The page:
SPA-tlight: Roland Ladontant

Ronald Lafontant, Head Pro at the Harmonie Club in New York

Where did you grow up?
I was born in Manhattan and grew up in Wakefield, northeast section of Bronx, NY.

How did you get involved with squash?
I started playing squash in college at the University of Pennsylvania. I tried out for the tennis team but our coach thought I was better suited to squash. He felt I needed some walls!

Screen Shot 2014-10-10 at 1.47.03 PMDid any other family members play?
No one else in my family plays. Squash is not that big in Haiti. Dad did play soccer for the national team.

Who was your first teacher?
My first teacher was Penn’s coach, Al Molloy. Freshman year he showed me the basics then put me in court No. 10 by myself to hit rails. That first year I never got to practice with the other members of the team. Monday through Friday I would spend 90 minutes playing against myself then do sprints with everybody else. On Saturday I would get to compete. It certainly built character.

Do you still compete?
I limit my competition to club tennis doubles tournaments. The body is getting old and cannot take the pounding of competitive squash. It is especially difficult if I want to teach and play our members whose sole goal in life is to see me sweat.

How long have you worked at the Harmonie Club?
I started at the Harmonie in 1995. I’m only the fourth pro since our courts were built in the 1920s. Not much turn over at the Harmonie, which speaks volumes as to how special the place is. I’m pretty fortunate to have landed there.

The differences between coaching an adult and a junior?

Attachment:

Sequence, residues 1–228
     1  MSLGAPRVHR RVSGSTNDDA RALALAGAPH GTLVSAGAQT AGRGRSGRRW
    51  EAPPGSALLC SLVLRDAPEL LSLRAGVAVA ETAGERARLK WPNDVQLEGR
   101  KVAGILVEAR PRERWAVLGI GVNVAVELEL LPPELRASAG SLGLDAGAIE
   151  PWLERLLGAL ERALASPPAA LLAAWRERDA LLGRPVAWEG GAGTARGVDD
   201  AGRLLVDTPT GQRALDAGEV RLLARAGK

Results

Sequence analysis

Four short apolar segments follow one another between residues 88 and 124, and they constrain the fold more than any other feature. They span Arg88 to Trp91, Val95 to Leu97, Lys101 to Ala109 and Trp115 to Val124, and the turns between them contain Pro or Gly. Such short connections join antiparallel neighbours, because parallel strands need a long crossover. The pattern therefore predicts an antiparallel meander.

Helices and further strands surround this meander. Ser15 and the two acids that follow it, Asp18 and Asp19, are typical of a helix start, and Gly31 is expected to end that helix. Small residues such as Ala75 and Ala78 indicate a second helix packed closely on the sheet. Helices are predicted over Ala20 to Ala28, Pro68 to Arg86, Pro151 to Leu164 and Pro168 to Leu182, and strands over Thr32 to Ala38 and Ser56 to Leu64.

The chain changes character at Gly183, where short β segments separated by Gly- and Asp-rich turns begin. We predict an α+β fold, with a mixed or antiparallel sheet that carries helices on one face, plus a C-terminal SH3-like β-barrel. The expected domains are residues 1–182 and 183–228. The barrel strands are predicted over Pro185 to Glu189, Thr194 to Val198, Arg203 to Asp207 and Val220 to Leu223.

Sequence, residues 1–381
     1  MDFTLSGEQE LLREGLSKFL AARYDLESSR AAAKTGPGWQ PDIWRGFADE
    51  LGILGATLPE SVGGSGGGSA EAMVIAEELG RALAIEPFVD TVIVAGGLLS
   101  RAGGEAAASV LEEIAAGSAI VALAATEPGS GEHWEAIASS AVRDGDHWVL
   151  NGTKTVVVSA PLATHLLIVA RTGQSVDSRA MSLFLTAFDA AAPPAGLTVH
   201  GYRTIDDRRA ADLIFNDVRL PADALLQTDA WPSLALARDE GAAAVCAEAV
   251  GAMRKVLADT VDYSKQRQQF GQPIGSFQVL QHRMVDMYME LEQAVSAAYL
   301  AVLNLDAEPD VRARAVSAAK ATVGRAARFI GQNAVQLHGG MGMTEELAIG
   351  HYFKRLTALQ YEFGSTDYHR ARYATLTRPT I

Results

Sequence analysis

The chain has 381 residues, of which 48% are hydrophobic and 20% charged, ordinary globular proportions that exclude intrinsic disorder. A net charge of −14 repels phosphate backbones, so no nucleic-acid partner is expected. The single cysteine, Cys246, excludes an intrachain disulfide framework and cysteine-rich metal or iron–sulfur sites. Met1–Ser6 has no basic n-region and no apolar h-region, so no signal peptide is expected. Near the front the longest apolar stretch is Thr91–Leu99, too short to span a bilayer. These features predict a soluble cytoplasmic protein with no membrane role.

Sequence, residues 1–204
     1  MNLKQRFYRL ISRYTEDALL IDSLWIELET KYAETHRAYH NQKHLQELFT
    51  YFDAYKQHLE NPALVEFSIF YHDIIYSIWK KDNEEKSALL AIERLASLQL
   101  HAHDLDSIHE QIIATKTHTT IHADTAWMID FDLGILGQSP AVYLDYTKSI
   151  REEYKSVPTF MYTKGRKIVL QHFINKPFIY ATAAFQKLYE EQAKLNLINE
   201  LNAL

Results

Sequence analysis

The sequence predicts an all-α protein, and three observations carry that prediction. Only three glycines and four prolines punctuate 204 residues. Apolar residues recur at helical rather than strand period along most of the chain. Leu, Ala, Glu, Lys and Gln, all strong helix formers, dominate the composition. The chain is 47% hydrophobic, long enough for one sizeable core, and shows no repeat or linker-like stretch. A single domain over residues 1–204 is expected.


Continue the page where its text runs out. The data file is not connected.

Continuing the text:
Juniors can generally improve faster than adults since they don’t have as many preconceived notions and bad habits. They also have much time on their hands not having to feed their family. Aside from that, I find there is not much difference between coaching adults and juniors. I try to emphasize the fundamentals to both and make sure that the game stays fun.

Among others in the U.S., whom do you look to as the ideal teaching pro?
It’s hard to pick out one individual pro as the ideal. I have tremendous respect for my peers that have been doing this for awhile. Peter Briggs, Pat Canavan, Richard Chin come to mind. My late coach Al Molloy is always the bar that I set for excellence in coaching. Bob Callahan & Gail Ramsay (men’s and women’s coaches at Princeton) are close seconds.

Who is your favorite touring pro to watch?
Although he is no longer competing, Jonathon Power is by far the most exciting and entertaining player of all time. Never a dull moment when that boy is on the court.

Do you follow any other sports?
I don’t follow much sports other than golf. Not your typical guy in that respect.

What is your favorite shot to hit?
Any shot that makes my opponent run! A perfect lob into the back corner of the court is one of life’s finer pleasures.